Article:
Unfortunately, the same study design using a placebo arm in early melanoma or IIIA melanoma patients who have microscopic disease only (SLNB positive) has not yet been performed for immunotherapy drugs, but it is essential for this to occur. Otherwise, how is the public and the medical community to know the truth about the efficacy of immunotherapy in patients with early melanoma?
There are serious negative consequences to the indiscriminate and non–evidence-based use of SLNB and immunotherapy drugs in all patients with early melanoma. In addition to the adverse effects of the drugs, there is a huge financial cost to both patients and taxpayer of the drugs, and this is compounded when the cost of SLNB is added.
If SLNB is NOT the most powerful predictor of prognosis,11,12 then patients should receive the drugs based on other prognostic criteria, such as BT or ultrasound evidence of lymphatic involvement.
Research to improve ultrasound monitoring of lymph nodes is underinvestigated and is underutilized in many countries. In experienced hands, high-resolution ultrasound can now detect very small melanoma deposits in lymph nodes (1- to 2-mm size), and melanoma-specific survival is not compromised in patients who do not undergo SLNB.19
In addition, research funds should now be channeled into improving the prognostic data from the new gene profiling technologies, which are already available.
As physicians, our duty is to first do not harm. Our patients deserve information based on honest informed consent and therapy that is properly based on high-quality evidence.
1. Snow H. Abstract of a lecture on melanotic cancerous disease. Lancet. 1892;140:872–874.
2. Veronesi U, Adamus J, Bandiera DC, et al. Inefficacy of immediate node dissection in stage 1 melanoma of the limbs. N Engl J Med 1977;297:627–630.
3. Medalie NS, Ackerman AB. Sentinel lymph node biopsy has nobenefit for patients with primary cutaneous melanoma metastatic to a lymph node: an assertion based on comprehensive, critical analysis part I. Am J Dermatopathol. 2003;25:399–441.
4. Meier F, Will S, Ellwnager U, et al. Metastatic pathways and time courses in the orderly progression of cutaneous melanoma. Br J Derm. 2002;147:62–70.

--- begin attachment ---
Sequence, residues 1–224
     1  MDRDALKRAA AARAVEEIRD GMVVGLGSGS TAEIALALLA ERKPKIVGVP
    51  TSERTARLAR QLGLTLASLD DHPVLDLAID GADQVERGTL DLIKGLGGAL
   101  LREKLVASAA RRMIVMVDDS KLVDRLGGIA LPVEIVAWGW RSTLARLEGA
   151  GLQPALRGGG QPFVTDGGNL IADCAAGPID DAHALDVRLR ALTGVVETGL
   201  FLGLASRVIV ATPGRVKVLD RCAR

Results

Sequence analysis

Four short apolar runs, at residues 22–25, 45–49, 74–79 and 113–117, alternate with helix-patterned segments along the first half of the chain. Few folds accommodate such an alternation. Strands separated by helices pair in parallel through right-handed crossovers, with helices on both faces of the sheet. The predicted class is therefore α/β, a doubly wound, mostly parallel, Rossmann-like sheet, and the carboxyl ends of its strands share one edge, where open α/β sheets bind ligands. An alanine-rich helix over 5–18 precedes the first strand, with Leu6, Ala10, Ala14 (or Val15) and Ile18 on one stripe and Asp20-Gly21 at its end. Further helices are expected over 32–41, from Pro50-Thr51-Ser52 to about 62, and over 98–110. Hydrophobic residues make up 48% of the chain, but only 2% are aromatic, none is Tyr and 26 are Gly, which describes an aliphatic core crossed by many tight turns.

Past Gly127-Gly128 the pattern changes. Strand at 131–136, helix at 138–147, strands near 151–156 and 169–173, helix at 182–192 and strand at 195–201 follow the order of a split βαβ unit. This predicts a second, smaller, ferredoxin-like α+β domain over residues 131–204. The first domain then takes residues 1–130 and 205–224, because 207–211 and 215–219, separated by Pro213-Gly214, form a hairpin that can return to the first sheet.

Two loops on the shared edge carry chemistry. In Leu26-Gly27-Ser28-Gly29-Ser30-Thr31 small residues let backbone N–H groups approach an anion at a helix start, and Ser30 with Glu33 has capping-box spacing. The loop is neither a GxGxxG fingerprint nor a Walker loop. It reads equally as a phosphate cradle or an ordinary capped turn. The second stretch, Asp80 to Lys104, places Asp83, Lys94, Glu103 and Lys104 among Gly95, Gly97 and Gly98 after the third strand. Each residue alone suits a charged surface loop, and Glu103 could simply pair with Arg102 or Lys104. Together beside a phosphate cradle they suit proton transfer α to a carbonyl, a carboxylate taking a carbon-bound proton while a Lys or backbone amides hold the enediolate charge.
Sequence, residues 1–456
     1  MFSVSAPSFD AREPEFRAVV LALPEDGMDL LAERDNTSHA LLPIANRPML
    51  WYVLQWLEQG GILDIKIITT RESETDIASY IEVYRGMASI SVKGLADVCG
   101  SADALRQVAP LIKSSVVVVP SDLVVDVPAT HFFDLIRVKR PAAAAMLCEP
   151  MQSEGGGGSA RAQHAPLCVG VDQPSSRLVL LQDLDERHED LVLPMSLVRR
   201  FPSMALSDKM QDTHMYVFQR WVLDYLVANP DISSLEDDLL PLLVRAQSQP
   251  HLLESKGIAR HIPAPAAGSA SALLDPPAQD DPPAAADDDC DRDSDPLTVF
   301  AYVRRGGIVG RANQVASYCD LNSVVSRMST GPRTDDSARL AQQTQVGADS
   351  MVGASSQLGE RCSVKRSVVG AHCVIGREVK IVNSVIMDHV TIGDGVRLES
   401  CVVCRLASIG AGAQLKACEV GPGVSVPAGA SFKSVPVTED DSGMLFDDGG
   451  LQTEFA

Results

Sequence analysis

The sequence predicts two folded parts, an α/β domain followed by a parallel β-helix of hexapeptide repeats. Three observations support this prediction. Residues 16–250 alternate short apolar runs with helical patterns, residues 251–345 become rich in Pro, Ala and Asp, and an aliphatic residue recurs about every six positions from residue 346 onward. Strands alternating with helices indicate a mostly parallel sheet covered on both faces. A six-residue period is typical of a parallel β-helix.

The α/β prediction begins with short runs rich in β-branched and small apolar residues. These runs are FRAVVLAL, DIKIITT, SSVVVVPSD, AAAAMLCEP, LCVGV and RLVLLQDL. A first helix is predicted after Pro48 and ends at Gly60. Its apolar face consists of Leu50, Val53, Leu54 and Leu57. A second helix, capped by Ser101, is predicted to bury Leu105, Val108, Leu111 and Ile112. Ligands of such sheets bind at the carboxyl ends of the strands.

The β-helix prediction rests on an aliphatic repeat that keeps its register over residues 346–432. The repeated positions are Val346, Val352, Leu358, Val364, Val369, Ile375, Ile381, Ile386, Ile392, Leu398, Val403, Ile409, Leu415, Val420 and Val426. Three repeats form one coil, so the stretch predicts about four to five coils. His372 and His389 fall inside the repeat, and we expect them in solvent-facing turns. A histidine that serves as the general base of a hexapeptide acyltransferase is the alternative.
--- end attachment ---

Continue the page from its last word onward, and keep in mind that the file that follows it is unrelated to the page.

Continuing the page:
5. Cascinelli N, Morabito A, Santinami M, et al. Immediate or delayed dissection of regional nodes in patients with melanoma of the trunk: a randomised trial. WHO Melanoma Programme. Lancet. 1998;351:793–796.
6. Sim FH, Taylor WF, Pritchard DJ, et al. Lymphadenectomy in the management of stage I malignant melanoma: a prospective randomized study. Mayo Clin Proc. 1986;61:697–705.
7. Balch CM, Soong SJ, Bartolucci AA, et al. Efficacy of an elective regional lymph node dissection of 1–4 mm thick melanomas for patients 60 years of age and younger. Ann Surg. 1996; 224: 255–263. [discussion 263–6].
8. Morton DL, Thompson JF, Cochran AJ, et al. Final trial report of sentinel-node biopsy versus nodal observation in melanoma. N.Engl J Med. 2014;370:599–609.
9. Sladden M, Zagarella S, Popescu CM, et al. No survival benefit for patients with melanoma undergoing sentinel lymph node biopsy: critical appraisal of the Multicenter Selective Lymphadenectomy Trial-I final report. Br J Dermatol. 2015;172:566–571.
10. Faries MB, Thompson JF, Cochran AJ, et al. Completion dissection or observation for sentinel-node metastasis in melanoma. N Engl J Med. 2017;376:2211–2222.
11. Zagarella S, Lee S, Heenan P. Sentinel lymph node biopsy status is not the most powerful predictor of prognosis in cutaneous melanoma. Australas J Dermatol. 2017;58:256–258.
12. Bigby M, Zagarella S, Sladden M, et al. Time to reconsider the role of sentinel lymph node biopsy in melanoma. J Am Acad Dermatol. 2019;80:1168–1171.
13. Stiegel E, Xiong D, Ya J, et al. Prognostic value of sentinel lymphnode biopsy according to Breslow thickness for cutaneous melanoma. J Am Acad Dermatol. 2018;78:942–948.
14. Pournamdari AB, Tkachenko E, Barbieri J, et al. A state-of-the-art review highlighting medical overuse in dermatology, 2017-2018: a systematic review. JAMA Dermatol. 2019;155:1410–1415.
15. Mitra A, Conway C, Walker C, et al. Melanoma sentinel node biopsy and prediction models for relapse and overall survival. Br J Cancer. 2010;103:1229–1236.
16. Freeman SR, Gibbs BB, Brodland DG, et al. Prognostic value of sentinel lymph node biopsy compared with that of Breslow thickness: implications for informed consent in patients with invasive melanoma. Dermatol Surg. 2013;39:1800–1812.
17. Martínez-Menchón T, Sánchez-Pedreño P, Martínez-Escribano J, et al. Cost analysis of sentinel lymph node biopsy in melanoma. Actas Dermosifiliogr. 2015;106:201–207.
19. Ipenburg NA, Nieweg OE, Uren RF, et al. Outcome of melanoma patients who did not proceed to sentinel node biopsy after preoperative lymphoscintigraphy. Ann Surg Oncol. 2017;24:117–126.